Our team members participated in a day-long Digital Identities workshop by Google News Lab in 2018, following which they ran an experiment with modifications to our Janta ki Report programme. This case study describes the success of this experiment in increasing engagement. Originally published here.
Mobile Vaani reaches over 800,000 households across 12 Indian States. They participated in the Digital Identities workshop powered by Google News Lab and received one-to-one support to implement an experiment to increase engagement for their flagship programme Janta Ki Report.
Aug 6, 2018 · 4 min read
Mobile Vaani is a voice-based social network accessible from any phone. It reaches over 800,000 households across 12 Indian states. This includes regions with families living below the poverty line, low-literacy rates and little or no access to the Internet. This project was setup by Gram Vaani, the recipient of a US$200K Knight News Challenge Award in 2008.
Mobile Vaani offers original, episodic content such as their flagship programme Janta Ki Report that covers a wide range of topics — from demonetization to myth-busting rumours like Choti Katne Wali Dayan. Each topic is introduced in a 3–4 minute promo episode. Subsequent episodes are co-created with the audience who respond to the topic by leaving feedback. In the state of Jharkhand, where this platform was first deployed, the system receives more than 3000 calls a day.
‘We work in a very responsive way. The feedback from our listeners decides the direction we take. This process requires intense moderation. We are a team of sixteen, spread across the country and spend up to twelve hours a day reviewing all user-generated content.’ — Paramita Panjal, Programme Director.
Janta Ki Report is reliant on high levels of good-quality engagement with the audience. As the topics can be technical and contentious, sustained listener interest is vital. A team from Gram Vaani, lead by Paramita participated in the 2018 edition of the Digital Identities workshop powered by Google News Initiative. They designed an experiment on inclusive storytelling which they put into action with the help of the one-to-one support after the session.
The team used 5 elements to create a new, inclusive narrative for an episode of Janta Ki Report on Rain Water Harvesting — introduce the topic and immediately establish the scope at an individual or community level; use relatable metaphors to describe the main issue; request participation and set clear boundaries; and finally state the reward for participation.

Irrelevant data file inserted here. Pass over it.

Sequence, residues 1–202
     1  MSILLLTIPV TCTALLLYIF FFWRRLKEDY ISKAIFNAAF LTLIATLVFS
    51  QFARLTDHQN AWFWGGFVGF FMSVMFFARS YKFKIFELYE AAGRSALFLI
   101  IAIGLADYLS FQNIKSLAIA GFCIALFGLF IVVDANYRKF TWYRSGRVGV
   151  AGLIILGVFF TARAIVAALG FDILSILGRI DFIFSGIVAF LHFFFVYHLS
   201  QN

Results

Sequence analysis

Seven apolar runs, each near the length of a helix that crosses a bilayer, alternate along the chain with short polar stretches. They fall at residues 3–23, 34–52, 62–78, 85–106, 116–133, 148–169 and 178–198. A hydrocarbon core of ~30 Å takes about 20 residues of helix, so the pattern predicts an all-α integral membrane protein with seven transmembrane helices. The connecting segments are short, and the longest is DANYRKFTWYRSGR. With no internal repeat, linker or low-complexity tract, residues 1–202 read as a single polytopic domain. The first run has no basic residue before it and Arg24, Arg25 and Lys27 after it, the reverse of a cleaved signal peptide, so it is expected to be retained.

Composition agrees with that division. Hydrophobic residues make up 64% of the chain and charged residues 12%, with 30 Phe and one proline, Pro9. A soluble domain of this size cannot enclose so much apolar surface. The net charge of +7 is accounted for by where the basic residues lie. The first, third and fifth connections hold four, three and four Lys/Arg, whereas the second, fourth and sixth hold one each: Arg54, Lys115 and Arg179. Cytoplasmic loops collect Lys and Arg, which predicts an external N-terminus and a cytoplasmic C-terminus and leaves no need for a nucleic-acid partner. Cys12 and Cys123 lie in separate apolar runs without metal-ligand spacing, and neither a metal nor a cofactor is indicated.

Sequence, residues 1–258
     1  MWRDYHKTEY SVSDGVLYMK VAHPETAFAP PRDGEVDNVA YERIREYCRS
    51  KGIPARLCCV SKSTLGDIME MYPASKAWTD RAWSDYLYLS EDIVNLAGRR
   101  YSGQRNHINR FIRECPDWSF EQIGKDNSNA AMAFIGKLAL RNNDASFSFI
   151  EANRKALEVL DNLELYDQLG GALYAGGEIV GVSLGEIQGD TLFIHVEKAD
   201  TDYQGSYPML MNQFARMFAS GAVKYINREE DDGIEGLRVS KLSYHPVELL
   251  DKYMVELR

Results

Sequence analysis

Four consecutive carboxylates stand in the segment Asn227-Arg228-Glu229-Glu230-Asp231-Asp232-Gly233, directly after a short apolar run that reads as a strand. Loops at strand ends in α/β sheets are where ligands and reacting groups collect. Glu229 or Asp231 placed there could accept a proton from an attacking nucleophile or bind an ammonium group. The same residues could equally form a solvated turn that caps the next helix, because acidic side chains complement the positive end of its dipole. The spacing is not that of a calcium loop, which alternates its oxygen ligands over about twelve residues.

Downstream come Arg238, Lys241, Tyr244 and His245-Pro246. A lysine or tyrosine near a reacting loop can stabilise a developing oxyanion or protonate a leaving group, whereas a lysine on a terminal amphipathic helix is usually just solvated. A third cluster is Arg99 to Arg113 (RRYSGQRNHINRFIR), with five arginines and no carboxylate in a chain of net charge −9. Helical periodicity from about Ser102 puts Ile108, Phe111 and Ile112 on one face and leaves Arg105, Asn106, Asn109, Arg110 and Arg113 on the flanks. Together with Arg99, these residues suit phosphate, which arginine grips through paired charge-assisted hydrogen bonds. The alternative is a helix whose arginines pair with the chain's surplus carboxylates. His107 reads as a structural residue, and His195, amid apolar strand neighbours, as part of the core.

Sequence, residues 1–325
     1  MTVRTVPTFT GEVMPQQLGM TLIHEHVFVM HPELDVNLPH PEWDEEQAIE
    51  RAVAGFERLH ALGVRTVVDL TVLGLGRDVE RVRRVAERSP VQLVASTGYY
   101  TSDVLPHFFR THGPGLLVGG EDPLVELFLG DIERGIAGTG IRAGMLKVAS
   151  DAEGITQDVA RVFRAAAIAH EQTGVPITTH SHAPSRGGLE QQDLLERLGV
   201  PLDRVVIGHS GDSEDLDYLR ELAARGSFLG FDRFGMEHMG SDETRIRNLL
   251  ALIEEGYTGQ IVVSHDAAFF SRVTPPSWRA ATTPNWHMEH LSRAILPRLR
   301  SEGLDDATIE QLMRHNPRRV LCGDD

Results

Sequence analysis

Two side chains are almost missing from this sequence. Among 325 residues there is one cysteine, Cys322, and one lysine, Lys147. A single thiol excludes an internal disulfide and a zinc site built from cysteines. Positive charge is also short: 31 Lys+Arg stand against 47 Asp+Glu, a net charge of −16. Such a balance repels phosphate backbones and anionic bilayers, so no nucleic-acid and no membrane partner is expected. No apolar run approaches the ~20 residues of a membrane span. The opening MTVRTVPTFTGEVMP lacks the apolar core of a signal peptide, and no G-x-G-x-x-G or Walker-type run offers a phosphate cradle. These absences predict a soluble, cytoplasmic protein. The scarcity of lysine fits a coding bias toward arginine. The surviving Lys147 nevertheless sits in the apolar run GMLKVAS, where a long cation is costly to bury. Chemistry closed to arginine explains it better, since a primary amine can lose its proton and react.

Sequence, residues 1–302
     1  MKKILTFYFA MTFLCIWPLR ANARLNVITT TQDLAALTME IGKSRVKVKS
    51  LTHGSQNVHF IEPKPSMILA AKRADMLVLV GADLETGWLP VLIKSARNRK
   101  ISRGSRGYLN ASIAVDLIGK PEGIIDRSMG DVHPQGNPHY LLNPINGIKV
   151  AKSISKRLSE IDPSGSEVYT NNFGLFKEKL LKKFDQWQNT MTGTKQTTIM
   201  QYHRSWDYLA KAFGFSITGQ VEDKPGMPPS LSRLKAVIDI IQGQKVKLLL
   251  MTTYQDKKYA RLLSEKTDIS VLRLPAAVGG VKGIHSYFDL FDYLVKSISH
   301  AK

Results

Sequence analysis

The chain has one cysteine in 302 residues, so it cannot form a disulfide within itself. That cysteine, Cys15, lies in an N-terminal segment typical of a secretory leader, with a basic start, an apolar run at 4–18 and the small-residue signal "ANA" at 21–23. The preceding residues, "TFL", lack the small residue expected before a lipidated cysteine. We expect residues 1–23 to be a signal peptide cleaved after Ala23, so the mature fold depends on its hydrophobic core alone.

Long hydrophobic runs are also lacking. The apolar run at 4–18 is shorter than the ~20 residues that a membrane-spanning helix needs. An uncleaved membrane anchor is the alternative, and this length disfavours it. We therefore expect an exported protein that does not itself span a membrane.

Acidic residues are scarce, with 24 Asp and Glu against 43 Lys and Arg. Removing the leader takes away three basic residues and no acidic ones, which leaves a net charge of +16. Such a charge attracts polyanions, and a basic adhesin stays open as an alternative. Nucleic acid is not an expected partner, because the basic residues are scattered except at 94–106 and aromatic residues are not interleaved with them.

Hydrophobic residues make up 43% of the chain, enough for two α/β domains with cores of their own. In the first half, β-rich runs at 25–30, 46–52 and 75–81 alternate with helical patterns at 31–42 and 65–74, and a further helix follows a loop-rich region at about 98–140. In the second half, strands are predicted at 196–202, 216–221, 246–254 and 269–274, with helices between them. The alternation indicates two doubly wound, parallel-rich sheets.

This narrative led to a 43% increase in the number of calls received in response to the promo episode. This is also the first time they’ve received positive and constructive anecdotes from listeners, which has improved the quality of subsequent episodes. The team feel they have developed a closer relationship with their audience and can encourage accountability and action to create hyperlocal impact.
One of the reasons the team feels they’ve succeeded is that they took on the challenge of presenting an important issue at a scale that their listeners can understand — what’s in it for me or for my community. Using relatable metaphors to introduce the issue and then asking for participation also encouraged listeners to contribute.
‘Asking for good practice, solutions and even examples of waste at a local level encouraged our listeners to respond. We also asked people to reflect on their present situation, rather than grand concepts like ideas for future generations.’ — Paramita Panjal
As for the reward.
‘In keeping with the principles of inclusive storytelling, our reward is to shine a spotlight on our audience. We selected the best response to the promo episode and ask the called to introduce the next episode.’ — Paramita Panjal
You can hear the result here.
Encouraged by the response to this sprint, the team will continue to refine their narrative for Janta Ki Report. They are also planning to test this approach on other programmes, such as a new series for the unorganised labour market in Delhi.
‘I don’t see why we can’t use this inclusive narrative to talk about serious issues like financial literacy. In fact, we must work even harder to make these themes accessible to marginalised communities.’ — Paramita Panjal